For The Record

Health officials say stop putting off routine childhood vaccinations

By: - April 26, 2021 5:48 pm
If young people do not receive their immunizations on time, we could see cases of measles and even whooping cough reemerge

Health care professionals advise If young people do not receive their immunizations on time, that could mean cases of measles and even whooping cough reemerge. Justin Sullivan/Getty Images

Last year, the Centers for Disease Control and Prevention reported a drop in routine childhood vaccinations as families stayed home to slow the spread of coronavirus. Now, they’re being reminded to not let those vaccines lapse.

If young people do not receive their immunizations on time, we could see cases of measles and even whooping cough reemerge, said Dr. Christy Peterson with Atrium Health Navicent in Macon.

The time to vaccinate children is before we see them get sick, she said.

“We don’t see these devastating, terrible diseases anymore because the vaccines are so effective,” she said. “And so people get relaxed and they forget. They just think, ‘It’s fine; I’ll let everybody else get vaccinated.'”

People forget how important immunization is, Peterson said, but, if cases of measles reemerge, the virus is even more contagious than the virus that causes COVID-19.

 

 

“Measles is very contagious through the air,” Peterson said. “We talk about coronavirus being contagious and people needing to wear masks to prevent them from breathing it out into the air. Measles is even more contagious that way.”

Eleven people in Cobb County became sick from the measles in 2019, according to the Georgia Department of Public Health. This was the largest outbreak of measles in the state since the disease had been declared eradicated in 2000.

Georgia Department of Public Health epidemiologist Dr. Cherie Drenzek said at the time that the cause of the outbreak was an unvaccinated family whose measles cases were not reported to the state.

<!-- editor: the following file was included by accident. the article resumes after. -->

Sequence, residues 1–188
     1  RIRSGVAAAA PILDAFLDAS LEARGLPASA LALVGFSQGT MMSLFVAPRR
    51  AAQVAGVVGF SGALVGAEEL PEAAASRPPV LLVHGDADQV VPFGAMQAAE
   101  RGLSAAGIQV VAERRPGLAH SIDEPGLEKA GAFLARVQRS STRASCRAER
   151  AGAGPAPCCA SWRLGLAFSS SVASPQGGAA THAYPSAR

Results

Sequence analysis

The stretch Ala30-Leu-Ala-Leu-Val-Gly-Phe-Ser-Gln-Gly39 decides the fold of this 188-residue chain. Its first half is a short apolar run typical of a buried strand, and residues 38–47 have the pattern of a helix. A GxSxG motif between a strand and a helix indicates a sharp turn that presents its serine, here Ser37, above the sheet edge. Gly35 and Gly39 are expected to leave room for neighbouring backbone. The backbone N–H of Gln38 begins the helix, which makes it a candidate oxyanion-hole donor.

Health officials identified 50 people who were possibly exposed during the outbreak and susceptible to infection. Many were infants too young to vaccinate, but others were older.

“They may have been adults who were unvaccinated or kids that were unvaccinated, that weren’t infants or they were immunocompromised individuals,” Drenzek said.

Statewide, about 90.7% of children receive an MMR vaccination before 35 months of age, according to the American Academy of Pediatrics.

Georgia saw 18 cases of measles in 2019, which was more than double the number the state has seen over the last decade.

“There is nothing in this world that has done more for the health of children than vaccines,” Peterson said. “We have prevented so many deaths over the years that we don’t know about.”

In the United States, two measles-containing vaccines are licensed for routine use in children: measles-mumps-rubella (MMR) vaccine and a combination MMR and varicella vaccine (MMRV).

The first dose is given between 12 months and 15 months of age. The second dose is recommended between 4 years and 6 years of age.

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Ellen Eldridge
Ellen Eldridge

Ellen Eldridge is a health care reporter for Georgia Public Broadcasting. She has previously worked as a breaking news reporter for the Atlanta Journal-Constitution. The topics she most often writes about are mental and other health care issues, as well as public policy and safety.

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